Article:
ch 2 Supply and Demand

ch 2 Supply and Demand - Econ 203 chapter 2 page 1 Chapter...

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Econ 203 chapter 2 page 1 Chapter 2: Supply and Demand Application: The implications of taxation (tax incidence) Market equilibrium, excess demand, and excess supply The law of demand and the law of supply Organization Context: Perfectly competitive markets consumers and firms are price takers But essentially builds on results of Chapters 4 and 11! Review of basic concepts Econ 103 This chapter: Overview
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Econ 203 chapter 2 page 2 Market • The buyers and sellers of a good or service • Practice: difficult to define where market begins or ends “The market demand function expresses the relationship between the total quantity demanded and the price of the product per unit of time, other things remaining the same.” ± Prices along the demand function represent the maximum amounts buyers will pay.
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Econ 203 chapter 2 page 3 Movement Along A Demand Function: 5 2 0 10 23 Quantity per day ± Generally, total quantity demanded increases when the price of the good decreases. ± This can be illustrated graphically as a movement along the demand function. Q d =D(P) A B Price
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Econ 203 chapter 2 page 4 ± A movement along a demand function always involves a change in the price of the good and a change in the total quantity demanded of that good. This relationship between price and the quantity demanded is called the Law of Demand. ± The increase in the quantity demanded is due to increased consumption by current consumers and new consumers . The law of demand: “The empirical observation that when the price of a product falls, people demand larger quantities of it.”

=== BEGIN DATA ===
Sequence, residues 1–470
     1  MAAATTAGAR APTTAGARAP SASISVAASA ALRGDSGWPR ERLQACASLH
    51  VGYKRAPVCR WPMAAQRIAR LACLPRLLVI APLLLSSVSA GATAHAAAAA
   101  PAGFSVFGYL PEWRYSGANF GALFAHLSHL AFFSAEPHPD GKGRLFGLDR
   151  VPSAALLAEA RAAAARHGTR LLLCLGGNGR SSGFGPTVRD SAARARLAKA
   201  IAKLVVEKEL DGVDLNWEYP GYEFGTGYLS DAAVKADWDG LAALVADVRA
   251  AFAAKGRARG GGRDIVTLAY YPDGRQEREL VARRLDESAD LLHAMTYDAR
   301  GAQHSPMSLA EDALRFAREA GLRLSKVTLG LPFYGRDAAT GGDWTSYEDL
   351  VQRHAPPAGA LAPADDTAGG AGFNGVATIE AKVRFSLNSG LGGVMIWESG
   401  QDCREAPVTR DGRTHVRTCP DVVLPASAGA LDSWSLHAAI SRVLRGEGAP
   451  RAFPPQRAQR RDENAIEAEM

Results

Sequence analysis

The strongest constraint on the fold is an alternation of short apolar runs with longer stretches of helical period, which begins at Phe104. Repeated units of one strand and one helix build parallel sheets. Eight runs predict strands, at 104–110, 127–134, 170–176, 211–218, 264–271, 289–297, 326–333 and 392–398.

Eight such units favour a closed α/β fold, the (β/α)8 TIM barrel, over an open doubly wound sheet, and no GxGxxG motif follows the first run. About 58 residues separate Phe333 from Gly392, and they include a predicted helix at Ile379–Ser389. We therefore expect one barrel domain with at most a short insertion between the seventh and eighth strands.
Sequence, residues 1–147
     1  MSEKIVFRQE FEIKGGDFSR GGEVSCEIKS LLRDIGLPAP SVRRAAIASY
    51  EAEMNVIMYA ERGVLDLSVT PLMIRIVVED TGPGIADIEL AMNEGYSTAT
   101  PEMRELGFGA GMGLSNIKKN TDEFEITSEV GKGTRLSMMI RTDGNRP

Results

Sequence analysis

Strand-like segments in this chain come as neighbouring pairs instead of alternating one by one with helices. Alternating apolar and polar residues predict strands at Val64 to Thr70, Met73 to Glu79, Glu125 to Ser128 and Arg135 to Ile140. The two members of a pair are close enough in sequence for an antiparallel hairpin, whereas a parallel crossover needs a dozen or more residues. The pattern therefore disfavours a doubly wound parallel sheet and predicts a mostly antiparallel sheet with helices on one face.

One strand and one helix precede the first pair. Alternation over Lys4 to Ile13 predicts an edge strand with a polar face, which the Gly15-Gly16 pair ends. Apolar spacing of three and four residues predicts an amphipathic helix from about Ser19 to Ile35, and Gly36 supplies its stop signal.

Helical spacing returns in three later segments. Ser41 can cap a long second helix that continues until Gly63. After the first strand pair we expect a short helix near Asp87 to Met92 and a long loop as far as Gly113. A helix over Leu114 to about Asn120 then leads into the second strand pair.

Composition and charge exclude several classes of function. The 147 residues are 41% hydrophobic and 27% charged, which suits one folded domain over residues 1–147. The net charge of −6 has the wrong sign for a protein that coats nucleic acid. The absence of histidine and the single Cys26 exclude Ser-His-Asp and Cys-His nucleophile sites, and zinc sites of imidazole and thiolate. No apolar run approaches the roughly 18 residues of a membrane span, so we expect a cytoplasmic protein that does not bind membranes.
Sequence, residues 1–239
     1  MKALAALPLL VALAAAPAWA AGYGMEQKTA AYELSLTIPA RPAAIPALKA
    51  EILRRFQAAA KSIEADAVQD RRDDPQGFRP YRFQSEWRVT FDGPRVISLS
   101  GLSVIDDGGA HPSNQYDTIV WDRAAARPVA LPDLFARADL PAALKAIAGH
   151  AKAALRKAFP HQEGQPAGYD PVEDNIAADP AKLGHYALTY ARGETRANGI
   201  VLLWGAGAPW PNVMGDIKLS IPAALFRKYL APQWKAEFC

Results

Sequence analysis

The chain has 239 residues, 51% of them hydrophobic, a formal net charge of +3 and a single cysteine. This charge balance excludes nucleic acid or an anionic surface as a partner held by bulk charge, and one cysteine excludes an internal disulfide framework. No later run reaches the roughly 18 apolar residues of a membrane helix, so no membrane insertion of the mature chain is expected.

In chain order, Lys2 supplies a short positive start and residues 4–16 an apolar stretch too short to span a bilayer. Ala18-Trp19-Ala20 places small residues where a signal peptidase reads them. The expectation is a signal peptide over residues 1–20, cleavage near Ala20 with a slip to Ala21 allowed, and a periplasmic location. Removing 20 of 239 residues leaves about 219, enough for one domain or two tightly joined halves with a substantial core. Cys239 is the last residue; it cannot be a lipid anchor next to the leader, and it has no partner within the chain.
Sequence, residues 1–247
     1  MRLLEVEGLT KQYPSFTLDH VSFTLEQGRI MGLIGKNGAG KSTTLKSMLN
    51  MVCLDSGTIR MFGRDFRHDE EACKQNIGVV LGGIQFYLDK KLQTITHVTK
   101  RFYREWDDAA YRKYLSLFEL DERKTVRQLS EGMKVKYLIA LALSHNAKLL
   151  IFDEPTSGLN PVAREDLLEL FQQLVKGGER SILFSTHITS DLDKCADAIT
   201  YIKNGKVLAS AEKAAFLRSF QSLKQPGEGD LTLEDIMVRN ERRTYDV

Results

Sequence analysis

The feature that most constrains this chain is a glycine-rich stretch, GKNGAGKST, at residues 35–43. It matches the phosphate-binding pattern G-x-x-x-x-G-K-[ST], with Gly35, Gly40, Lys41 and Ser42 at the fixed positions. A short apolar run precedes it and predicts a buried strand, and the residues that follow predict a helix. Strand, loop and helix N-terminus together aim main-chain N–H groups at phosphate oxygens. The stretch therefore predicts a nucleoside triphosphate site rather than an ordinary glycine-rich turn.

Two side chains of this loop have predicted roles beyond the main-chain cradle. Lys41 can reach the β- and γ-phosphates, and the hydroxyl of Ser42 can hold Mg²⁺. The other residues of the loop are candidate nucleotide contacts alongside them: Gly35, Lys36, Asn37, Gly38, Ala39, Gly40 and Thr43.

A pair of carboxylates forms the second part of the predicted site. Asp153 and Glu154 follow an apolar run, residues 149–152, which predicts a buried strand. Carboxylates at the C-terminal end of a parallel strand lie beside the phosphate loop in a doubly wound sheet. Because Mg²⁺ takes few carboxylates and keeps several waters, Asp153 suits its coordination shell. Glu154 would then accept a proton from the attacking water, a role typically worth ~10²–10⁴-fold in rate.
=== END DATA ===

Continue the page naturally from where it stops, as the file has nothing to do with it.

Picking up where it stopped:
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Econ 203 chapter 2 page 5 FIGURE 2-1 The Demand Curve for Lobsters in Shediac, N.B., July 20, 2020 The demand curve tells the quantities buyers will wish to purchase at various prices. Its key property is its downward slope; when price falls, the quantity demanded increases. This property is called the law of demand. The Law of demand and the law of supply
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Econ 203 chapter 2 page 6 The above example happens to be linear , but demand curves are usually non-linear. The key property is that they are downward sloping: as price of
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This note was uploaded on 08/03/2011 for the course ECON 203 taught by Professor Okhan during the Spring '11 term at University of Victoria.

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ch 2 Supply and Demand - Econ 203 chapter 2 page 1 Chapter...

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